My copy of The Broken Sword came from a local used book store. A quick search of Abe Books coughed up several copies ranging from .69 to 20 plus dollars. It should be noted that an earlier version of the novel appeared in 1954. The work was rediscovered by Lin Carter and printed as the twenty-fourth volume of his Ballentine Adult Fantasy Series in 1971. My copy is a fourth printing from Del Rey this is the same as the version printed by Lin Carter, but missing his introduction. Anderson says this:
...without changing the story, I did allow myself a number of textual emendations...I did not rewrite end to end...I have trimmed away a lot of adjectives and wordbrush, corrected certain errors and inconsistencies, and substituted one Person (in one brief though important scene) for another who didn't really belong there.
Also in Anderson's forward, he openly admits that this novel could not be written by the same author who would later write Three Hearts and Three Lions:
This young, in many ways naive lad who bore my name could, all unwittingly, give readers a wrong impression of my work and me.
As I stated earlier, this is not Poul Anderson's strongest work, but time spent reading it is time well spent for lovers of Fantasy and/or Dungeons & Dragons.
As a note for the purists out there, an edition by Gollancz was published in 2002 titled The Broken Sword (Fantasy Masterworks). I have not seen this edition, but from what I understand it is exactly as the story appeared in 1954 prior to the 1971 Ballentine edition. For myself, I enjoyed the novel enough that I am seeking out the Gollancz copy so I may compare the two; however, the Gollancz edition is no longer in print either. Amazon lists new copies from $48.67 and used versions (some in hardcover) from $5.62.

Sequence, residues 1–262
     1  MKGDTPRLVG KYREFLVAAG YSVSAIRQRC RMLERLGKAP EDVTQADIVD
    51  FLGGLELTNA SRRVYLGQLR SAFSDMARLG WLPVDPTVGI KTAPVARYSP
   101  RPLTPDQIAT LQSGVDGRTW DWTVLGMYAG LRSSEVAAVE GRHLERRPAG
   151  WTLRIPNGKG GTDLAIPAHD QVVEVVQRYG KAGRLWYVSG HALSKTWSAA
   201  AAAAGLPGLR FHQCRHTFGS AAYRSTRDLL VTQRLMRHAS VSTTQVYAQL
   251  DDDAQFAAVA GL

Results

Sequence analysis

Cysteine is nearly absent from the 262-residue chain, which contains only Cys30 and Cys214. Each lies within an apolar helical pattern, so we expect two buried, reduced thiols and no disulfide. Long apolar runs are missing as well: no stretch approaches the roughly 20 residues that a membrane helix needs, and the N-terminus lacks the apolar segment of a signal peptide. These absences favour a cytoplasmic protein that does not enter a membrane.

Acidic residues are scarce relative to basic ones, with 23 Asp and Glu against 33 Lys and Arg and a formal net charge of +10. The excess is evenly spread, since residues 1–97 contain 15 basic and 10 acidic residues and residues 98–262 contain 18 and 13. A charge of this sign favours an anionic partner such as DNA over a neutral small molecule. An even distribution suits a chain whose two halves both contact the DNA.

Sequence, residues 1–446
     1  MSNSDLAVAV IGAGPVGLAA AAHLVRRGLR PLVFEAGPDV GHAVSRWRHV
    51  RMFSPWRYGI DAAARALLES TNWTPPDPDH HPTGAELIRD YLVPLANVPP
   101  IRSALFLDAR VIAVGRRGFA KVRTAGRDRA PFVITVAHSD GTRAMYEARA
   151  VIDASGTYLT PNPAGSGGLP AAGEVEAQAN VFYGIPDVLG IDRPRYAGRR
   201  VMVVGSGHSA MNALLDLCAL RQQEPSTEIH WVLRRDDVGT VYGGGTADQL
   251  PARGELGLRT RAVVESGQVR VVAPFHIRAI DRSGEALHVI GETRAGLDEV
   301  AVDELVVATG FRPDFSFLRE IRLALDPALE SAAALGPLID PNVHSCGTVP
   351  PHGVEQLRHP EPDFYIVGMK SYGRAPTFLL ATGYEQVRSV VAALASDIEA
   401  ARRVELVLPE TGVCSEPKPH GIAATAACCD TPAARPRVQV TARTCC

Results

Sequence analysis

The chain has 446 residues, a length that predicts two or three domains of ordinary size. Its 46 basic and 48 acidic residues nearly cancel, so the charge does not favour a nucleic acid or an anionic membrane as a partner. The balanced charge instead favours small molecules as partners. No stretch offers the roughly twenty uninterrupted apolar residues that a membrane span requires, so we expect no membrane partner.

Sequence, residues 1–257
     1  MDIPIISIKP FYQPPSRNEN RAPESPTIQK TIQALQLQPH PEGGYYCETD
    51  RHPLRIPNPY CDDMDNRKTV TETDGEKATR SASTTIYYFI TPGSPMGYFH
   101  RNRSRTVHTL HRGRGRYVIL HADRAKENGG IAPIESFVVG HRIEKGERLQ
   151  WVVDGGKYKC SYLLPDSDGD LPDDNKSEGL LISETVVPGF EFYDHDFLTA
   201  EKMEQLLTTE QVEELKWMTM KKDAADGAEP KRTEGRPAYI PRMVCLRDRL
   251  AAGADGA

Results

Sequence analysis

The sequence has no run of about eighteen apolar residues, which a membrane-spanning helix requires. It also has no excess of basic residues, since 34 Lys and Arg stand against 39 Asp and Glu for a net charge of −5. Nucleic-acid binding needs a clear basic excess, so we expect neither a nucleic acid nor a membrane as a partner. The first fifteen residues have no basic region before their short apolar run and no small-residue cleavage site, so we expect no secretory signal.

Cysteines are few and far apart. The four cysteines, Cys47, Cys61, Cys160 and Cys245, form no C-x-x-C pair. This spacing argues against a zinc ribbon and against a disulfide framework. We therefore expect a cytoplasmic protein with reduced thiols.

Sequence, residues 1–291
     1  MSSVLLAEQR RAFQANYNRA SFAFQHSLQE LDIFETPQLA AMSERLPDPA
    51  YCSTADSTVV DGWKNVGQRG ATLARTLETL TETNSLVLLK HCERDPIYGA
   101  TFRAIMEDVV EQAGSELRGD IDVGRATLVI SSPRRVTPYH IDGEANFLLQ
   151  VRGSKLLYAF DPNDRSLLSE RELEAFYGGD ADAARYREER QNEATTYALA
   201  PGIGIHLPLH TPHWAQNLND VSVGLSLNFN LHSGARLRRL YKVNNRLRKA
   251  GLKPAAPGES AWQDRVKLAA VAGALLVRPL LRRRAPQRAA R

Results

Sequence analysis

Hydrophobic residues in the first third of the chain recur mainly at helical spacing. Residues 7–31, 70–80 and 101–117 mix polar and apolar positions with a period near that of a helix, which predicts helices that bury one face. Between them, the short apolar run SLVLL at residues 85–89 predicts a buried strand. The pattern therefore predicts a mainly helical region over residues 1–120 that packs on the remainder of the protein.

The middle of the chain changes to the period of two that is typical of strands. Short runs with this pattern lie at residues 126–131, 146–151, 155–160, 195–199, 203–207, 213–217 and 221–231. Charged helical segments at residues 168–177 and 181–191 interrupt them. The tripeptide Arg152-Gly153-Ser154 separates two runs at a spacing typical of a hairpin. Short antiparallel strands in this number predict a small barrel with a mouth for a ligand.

I encourage you buy local and buy often.

Thursday, November 25, 2010

Appendix N: Poul Anderson to Roger Zelazny

I've tackled the task of reading the works listed in Appendix N of the AD&D 1st edition Dungeon Master's Guide. In the cases that Gygax has listed specific works, I am reading those. For those authors he has listed as all their works, I am selecting those works I feel would have most likely influenced Gary Gygax.

In some cases, this intersects with three other reading lists that I am working my way through: The Ballentine Adult Fantasy Series, The Planet Stories Library and Pre-Tolkien Fantasy Literature.

I am reading each work and assessing each work in two regards. The first is how well the novel stands as a Fantasy Classic (or Science Fiction/Horror/whatever the case may be). Does it feel dated? Is it well written? Entertaining. Of course I am measuring it against my personal prejudice.

Secondly, what was its influence upon the development of Dungeons & Dragons as a game? What elements of the work in question would I like to see adopted into my own games? The later of the two is more important to me.

I will also give an indication of the availability of each work. I'm finding that many of the works listed in Appendix N are out of print. I will state how I came across my copy, how much I paid, and where others might come across their own copies.